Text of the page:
Charleston

Words: Kairen Kemp

www.charleston.org.uk

 

Explore alternative ways of thinking, living and working.

Charleston Farmhouse is a magical place in which you feel as though you’ve stepped back in time to when Vanessa Bell and Duncan Grant moved here from London, along with Duncan’s lover David Garnett, and Vanessa’s two young sons, Julian and Quentin. It was an opportunity to explore new ways of thinking, living and working.

It seems as though every inch of the house is a canvas for self-expression and the work is conserved in perpetuity.

As well as the farmhouse in Firle there is now a new building in central Lewes which holds a variety of changing exhibitions. I visitedDorothy Hepworth and Patricia Preece: An Untold Story there to discover the extraordinary and moving story of the duo whose secret artistic collaboration and lifelong romantic partnership remained hidden for decades.

You discover the untold story of a remarkable duo exploring their life through paintings and drawings, works which were created by Hepworth but exhibited under the signature of her lifelong partner, Preece. Here, the artists are recognised as collaborators and co-conspirators for the first time.

Where Hepworth was shy and prolific in the studio, Preece was charismatic; and together they agreed that Preece would exhibit Hepworth’s paintings under her own name, selling the works to sustain their art studios and shared life. This artistic charade fooled patrons and fellow artists, from Virginia Woolf and Duncan Grant, Augustus John and Kenneth Clarke to Clive Bell.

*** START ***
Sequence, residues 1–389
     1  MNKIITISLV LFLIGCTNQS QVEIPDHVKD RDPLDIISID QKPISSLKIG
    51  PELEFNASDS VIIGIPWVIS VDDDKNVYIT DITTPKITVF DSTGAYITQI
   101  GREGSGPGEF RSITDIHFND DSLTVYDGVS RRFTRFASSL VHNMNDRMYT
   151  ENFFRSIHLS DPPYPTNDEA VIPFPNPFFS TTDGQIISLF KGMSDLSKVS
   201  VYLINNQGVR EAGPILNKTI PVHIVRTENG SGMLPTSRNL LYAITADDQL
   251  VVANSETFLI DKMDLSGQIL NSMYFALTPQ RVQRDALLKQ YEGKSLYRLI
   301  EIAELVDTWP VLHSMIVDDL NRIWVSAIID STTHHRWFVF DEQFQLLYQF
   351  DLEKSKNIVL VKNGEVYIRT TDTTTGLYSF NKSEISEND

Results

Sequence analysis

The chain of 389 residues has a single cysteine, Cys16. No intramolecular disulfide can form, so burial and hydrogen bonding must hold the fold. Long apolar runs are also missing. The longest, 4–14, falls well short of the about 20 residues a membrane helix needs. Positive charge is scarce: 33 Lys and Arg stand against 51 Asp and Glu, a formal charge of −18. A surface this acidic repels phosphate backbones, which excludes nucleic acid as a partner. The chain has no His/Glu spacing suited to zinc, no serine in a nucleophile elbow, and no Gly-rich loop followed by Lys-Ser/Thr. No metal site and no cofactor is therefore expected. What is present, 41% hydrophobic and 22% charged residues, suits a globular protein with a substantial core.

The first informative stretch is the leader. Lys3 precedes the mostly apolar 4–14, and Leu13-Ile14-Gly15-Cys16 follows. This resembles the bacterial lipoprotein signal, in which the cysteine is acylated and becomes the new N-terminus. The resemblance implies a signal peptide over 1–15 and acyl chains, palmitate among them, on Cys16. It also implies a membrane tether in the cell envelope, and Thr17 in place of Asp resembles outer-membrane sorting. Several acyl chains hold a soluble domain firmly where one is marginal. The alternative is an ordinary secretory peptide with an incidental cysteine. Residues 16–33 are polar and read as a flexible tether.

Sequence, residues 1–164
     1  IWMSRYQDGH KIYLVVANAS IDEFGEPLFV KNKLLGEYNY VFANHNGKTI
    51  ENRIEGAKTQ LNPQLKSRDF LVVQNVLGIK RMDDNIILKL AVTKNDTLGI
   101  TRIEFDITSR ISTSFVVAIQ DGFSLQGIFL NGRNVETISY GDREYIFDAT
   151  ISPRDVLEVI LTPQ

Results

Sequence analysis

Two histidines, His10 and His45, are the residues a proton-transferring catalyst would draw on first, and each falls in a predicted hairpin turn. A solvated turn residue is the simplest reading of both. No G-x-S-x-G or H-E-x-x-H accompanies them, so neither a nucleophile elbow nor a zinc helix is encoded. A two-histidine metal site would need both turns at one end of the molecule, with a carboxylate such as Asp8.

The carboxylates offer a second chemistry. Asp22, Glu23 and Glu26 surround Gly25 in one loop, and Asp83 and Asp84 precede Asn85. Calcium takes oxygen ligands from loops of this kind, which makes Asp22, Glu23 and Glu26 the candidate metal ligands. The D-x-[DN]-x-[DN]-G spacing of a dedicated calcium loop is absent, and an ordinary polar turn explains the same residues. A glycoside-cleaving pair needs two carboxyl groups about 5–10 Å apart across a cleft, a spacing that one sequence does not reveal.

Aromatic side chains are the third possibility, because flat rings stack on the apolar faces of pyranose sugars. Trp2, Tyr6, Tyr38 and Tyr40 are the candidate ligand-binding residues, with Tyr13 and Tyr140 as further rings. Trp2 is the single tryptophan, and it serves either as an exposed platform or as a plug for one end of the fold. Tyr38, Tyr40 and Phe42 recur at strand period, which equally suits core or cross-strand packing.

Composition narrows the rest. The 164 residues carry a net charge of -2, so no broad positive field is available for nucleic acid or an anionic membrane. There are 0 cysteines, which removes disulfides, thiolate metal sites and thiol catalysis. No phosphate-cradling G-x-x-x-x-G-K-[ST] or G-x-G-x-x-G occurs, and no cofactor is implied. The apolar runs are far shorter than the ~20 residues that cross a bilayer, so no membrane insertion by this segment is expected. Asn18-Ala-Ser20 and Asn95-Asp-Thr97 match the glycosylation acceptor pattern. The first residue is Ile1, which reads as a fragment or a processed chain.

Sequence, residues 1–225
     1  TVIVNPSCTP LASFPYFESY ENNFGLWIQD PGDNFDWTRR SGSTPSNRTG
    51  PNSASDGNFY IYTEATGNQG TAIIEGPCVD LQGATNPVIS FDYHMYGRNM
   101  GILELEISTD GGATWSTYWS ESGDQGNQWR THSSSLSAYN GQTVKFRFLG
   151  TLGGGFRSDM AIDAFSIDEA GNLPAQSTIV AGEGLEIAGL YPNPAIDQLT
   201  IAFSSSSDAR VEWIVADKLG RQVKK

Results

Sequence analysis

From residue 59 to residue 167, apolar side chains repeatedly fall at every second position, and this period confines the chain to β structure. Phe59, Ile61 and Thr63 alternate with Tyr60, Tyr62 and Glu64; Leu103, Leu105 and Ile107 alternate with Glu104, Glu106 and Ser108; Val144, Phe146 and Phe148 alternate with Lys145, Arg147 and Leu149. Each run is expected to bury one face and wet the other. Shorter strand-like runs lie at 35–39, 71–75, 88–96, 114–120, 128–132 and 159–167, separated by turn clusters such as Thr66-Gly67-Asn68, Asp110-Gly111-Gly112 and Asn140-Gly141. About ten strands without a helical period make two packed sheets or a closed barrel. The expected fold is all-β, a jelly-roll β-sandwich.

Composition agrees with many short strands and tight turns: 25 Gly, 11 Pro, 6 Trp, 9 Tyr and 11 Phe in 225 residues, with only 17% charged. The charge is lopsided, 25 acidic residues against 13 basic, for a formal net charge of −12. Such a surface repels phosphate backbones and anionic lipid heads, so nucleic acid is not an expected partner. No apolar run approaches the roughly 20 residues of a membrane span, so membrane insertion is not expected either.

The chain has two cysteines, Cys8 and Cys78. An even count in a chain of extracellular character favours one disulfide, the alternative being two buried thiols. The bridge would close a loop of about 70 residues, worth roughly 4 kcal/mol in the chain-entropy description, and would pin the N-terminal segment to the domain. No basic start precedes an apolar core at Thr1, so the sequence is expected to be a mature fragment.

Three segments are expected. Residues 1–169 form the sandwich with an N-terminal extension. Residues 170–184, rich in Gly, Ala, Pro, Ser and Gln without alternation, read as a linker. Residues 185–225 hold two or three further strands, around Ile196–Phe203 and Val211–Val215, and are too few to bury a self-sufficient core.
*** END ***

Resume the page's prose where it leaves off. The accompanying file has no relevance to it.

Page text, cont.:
Normally one attends an exhibition and you’re immersed in the work of the artist/s but in this case there is the other level of fascination of the story of these remarkable women. I felt I was constantly questioning what was the climate at the time that led to Dorothy and Patricia keeping their relationship a secret from everyone.

Dorothy Hepworth’s paintings are wonderful, both still lifes and portraits where she captures the soul of her sitters in what Clive Bell called “psychological depth”. Her self-portrait, painted after Patricia’s death, is haunting and for me portrays her dreadful loss.

Charleston are offering, on the last Sunday of June, July and August, Pay What You Can Days for their new season of exhibitions at Charleston in Lewes. Tickets grant you access to ‘Dorothy Hepworth and Patricia Preece: An Untold Story‘ and ‘Duos: The Art of Collaboration‘

Dorothy Hepworth and Patricia Preece: An Untold Story: 27 March–8 September 2024.

 

Steven Graham
Author: Steven Graham

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